Minister Minasyan, distinguished representatives of international financial institutions and U.S. corporations, and our Armenian guests. It is a pleasure for me to join you today. As you may know, the first priority of my ambassadorship in Armenia is to deepen business and trade relations between our two countries. So it is encouraging for me to see all of you here today at the opening of the U.S. Business Briefing day in Yerevan at the Marriott, the same venue where I made my first policy speech before the AMCHAM. I hope today’s event lays the foundations for many future business successes that will benefit both our countries.
We at the Embassy want to help set the stage for that success by connecting Armenian businesses and investment opportunities with American corporations with a track record of working in the region. Then we can step back and let you do what you all know best, build your businesses in mutually beneficial fashion, while we stand ready in the background to provide assistance when needed.
We are grateful for our partnership with the Ministry of Economy, the American Chambers of Commerce in Russia and Armenia, Converse Bank, International Financial Institutions and many others in making this event happen. Thanks to you, our partners, I am sure today’s business forum will be a success.
I would like to welcome U.S. company representatives, and to thank them for their interest in the Armenian market. We are well aware of your success in the greater region and we are glad that you are here, eager to enter and expand in the Armenian market. We hope that you find this forum a fruitful avenue to connect with local businesses and foster mutually-beneficial partnerships.
Next to my focus of deepening U.S.-Armenia business relations, is my focus on fighting corruption. Fighting corruption is also a key part of improving the business environment in Armenia. As I reiterated on several occasions, let us — civil society, private sector, governments, and media — all work together to fight corruption and create a level playing field in Armenia. And let me repeat it: When competition among businesses is not fair and not based on objective commercial criteria, when there are powerful interests that have disproportionate economic and political influence, it limits economic growth. The whole economy — indeed the whole country — suffers.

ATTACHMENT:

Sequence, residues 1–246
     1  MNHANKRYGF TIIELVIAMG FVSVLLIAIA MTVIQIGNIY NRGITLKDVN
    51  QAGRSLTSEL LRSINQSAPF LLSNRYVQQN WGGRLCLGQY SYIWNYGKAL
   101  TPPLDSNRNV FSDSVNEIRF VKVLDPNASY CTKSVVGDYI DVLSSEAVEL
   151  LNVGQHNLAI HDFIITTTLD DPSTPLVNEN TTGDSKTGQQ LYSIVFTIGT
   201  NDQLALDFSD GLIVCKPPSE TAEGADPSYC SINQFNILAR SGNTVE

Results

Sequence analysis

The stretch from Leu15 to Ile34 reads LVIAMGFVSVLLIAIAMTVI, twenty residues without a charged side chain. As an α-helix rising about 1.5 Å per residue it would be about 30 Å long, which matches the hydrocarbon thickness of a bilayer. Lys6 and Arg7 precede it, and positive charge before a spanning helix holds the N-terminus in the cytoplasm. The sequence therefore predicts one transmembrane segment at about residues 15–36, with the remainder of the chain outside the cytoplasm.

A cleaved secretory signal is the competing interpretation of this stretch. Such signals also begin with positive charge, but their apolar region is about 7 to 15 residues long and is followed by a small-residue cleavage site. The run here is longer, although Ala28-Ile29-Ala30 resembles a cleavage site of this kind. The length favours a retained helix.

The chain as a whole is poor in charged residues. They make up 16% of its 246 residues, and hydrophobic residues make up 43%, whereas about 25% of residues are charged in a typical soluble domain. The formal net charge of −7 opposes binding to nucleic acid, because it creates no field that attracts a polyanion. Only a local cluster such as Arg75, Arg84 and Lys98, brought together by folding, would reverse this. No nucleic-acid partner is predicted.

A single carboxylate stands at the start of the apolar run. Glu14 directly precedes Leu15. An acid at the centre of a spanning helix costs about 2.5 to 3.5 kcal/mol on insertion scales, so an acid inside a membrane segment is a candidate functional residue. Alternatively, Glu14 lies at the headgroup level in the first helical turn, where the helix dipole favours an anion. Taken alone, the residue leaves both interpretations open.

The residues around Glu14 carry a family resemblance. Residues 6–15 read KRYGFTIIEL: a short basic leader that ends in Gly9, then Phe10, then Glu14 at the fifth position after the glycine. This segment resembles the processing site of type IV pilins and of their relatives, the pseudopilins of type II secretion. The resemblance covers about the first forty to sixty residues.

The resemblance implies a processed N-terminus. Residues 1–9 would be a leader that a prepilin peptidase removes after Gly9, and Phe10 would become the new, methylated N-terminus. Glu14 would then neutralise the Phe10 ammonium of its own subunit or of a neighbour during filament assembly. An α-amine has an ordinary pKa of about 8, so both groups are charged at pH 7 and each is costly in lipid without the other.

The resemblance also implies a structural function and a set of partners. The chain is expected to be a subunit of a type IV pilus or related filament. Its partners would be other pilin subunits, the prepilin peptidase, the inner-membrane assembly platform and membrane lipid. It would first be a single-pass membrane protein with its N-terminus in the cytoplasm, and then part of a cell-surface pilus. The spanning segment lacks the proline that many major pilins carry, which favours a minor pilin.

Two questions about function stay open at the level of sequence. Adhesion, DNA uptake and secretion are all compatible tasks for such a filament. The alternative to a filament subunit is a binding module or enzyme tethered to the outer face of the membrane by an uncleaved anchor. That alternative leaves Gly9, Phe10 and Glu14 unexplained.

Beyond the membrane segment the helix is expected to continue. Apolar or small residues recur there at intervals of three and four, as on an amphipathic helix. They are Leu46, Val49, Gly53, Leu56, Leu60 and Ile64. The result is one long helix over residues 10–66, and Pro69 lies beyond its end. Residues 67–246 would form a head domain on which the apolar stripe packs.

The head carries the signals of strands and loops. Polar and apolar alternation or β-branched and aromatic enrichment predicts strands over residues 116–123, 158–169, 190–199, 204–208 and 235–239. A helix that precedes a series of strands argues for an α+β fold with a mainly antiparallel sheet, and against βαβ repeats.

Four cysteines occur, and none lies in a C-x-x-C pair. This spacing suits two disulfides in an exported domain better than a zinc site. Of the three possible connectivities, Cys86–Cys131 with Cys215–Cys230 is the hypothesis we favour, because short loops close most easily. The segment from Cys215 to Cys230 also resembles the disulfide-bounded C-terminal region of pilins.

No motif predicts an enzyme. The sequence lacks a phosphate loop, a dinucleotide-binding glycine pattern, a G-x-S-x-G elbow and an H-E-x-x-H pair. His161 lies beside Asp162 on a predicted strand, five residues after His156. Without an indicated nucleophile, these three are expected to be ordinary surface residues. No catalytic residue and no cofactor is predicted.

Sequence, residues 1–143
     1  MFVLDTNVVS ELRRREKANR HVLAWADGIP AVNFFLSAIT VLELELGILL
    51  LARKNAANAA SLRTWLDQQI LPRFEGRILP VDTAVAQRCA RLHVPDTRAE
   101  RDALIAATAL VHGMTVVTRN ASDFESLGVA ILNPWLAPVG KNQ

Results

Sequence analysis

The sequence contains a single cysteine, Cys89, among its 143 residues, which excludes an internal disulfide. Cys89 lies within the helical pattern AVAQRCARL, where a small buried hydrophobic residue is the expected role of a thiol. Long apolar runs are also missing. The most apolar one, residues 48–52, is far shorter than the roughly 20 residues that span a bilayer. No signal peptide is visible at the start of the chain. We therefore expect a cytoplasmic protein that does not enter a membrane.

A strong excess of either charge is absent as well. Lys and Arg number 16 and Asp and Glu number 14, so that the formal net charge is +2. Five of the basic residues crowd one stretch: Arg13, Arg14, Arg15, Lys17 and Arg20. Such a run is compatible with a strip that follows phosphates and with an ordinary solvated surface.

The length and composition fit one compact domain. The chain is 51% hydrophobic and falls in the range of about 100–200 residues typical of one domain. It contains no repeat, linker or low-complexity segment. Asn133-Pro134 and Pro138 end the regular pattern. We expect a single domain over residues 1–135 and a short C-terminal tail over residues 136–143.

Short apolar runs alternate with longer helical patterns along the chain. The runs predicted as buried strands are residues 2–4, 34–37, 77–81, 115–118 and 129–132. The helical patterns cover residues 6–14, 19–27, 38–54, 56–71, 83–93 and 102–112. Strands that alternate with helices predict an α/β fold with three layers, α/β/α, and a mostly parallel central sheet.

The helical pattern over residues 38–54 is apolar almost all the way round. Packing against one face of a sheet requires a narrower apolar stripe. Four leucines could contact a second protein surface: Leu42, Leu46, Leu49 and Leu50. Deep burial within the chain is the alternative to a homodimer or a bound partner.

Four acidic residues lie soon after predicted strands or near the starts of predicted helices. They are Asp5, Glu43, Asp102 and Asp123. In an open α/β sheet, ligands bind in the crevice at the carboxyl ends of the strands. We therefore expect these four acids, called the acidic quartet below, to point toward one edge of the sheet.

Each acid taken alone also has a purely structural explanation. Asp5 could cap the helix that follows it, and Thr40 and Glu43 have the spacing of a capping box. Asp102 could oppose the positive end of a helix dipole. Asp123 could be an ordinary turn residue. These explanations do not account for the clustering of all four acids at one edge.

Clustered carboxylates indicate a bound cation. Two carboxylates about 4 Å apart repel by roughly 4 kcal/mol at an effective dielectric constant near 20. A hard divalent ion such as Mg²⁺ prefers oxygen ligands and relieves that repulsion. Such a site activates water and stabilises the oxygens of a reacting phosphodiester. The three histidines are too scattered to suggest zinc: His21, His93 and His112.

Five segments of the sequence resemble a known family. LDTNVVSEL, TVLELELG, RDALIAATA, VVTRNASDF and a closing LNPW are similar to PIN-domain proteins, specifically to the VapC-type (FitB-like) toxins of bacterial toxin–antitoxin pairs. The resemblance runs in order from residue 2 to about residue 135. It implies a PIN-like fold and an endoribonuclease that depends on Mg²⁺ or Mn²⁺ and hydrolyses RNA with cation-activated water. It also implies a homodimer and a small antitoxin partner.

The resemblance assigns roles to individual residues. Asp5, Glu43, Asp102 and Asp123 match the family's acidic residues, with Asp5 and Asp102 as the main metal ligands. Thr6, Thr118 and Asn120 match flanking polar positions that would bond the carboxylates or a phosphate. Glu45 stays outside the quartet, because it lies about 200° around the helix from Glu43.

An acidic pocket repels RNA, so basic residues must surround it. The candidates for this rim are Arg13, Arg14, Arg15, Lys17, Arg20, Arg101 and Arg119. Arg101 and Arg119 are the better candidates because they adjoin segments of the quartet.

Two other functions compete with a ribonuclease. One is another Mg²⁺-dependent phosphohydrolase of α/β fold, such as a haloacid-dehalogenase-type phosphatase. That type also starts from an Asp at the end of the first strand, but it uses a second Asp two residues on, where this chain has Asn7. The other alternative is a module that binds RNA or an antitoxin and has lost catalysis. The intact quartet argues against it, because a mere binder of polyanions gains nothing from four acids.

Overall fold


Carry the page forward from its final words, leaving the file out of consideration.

But corruption affects more than just the economy. Corruption undermines democracy and rule of law. It breeds instability and mistrust in institutions, and it can threaten national security.
We are fortunate to have experienced investors and businesses participating today. However, I would be remiss if I did not remark on your responsibilities under the Foreign Corrupt Practices Act and its anti-bribery provisions. In negotiating business relationships, I urge you to perform the necessary due diligence and strictly adhere to the law.
The U.S. Embassy stands ready to assist you as you move forward.
Also as you explore investments in Armenia, I would like to particularly put an emphasis on corporate social responsibility and the greater social impact you can make in this country. Several companies within the AmCham are paving the way and eager to share their CSR experiences with you. So as you consider doing business in Armenia, we urge you to look at how you might magnify your corporate image through CSR, at the same time improving the quality of life in Armenia.
Today’s event is conducted as a follow up to the first meeting of the U.S.-Armenia Council on Trade and Investment held here in Yerevan in November 2015 and it follows our March 23 seminar on our Generalized System of Preferences (GSP) Program. And we have several more planned during my ambassadorship here in Armenia. As you know, the council was established after the two countries signed the Trade and Investment Framework Agreement (TIFA) in May 2015.
I look forward to talking with you during the networking reception later today, to hear about the outcomes of today’s sessions and gather your insights about how we can improve our efforts in this vitally important area.